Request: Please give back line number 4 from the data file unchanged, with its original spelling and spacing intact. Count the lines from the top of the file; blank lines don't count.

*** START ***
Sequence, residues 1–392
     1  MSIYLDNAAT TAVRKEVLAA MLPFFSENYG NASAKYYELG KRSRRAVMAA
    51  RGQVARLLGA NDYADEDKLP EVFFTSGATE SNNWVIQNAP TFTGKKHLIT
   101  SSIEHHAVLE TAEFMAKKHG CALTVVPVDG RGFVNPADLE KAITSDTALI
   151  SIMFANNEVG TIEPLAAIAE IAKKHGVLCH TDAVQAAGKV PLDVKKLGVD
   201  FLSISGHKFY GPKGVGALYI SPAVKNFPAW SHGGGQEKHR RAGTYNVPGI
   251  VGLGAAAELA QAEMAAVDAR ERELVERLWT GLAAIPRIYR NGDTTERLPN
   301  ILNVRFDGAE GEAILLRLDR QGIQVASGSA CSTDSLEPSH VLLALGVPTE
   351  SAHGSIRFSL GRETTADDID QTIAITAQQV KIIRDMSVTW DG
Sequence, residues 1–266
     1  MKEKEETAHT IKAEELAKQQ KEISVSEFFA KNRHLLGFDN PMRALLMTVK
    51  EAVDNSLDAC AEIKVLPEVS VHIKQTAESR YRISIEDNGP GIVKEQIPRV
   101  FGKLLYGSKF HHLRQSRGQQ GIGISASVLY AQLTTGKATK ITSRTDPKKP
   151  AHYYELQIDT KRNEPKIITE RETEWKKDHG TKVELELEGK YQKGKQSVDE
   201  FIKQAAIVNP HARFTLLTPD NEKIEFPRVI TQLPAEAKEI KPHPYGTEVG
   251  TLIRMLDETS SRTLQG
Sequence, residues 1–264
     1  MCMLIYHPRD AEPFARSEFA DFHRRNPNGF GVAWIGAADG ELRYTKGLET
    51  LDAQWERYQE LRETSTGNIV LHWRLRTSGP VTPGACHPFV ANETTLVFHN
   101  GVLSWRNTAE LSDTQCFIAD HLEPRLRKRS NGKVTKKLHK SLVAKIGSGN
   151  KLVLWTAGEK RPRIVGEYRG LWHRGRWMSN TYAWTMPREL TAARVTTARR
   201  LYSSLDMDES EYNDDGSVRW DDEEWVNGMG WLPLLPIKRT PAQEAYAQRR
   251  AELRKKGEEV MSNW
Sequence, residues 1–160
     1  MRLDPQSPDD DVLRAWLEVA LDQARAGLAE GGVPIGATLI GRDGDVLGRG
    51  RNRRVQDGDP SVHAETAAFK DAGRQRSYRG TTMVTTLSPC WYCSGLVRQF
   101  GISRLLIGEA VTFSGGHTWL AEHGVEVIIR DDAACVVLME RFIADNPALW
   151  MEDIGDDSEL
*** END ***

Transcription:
   101  SSIEHHAVLE TAEFMAKKHG CALTVVPVDG RGFVNPADLE KAITSDTALI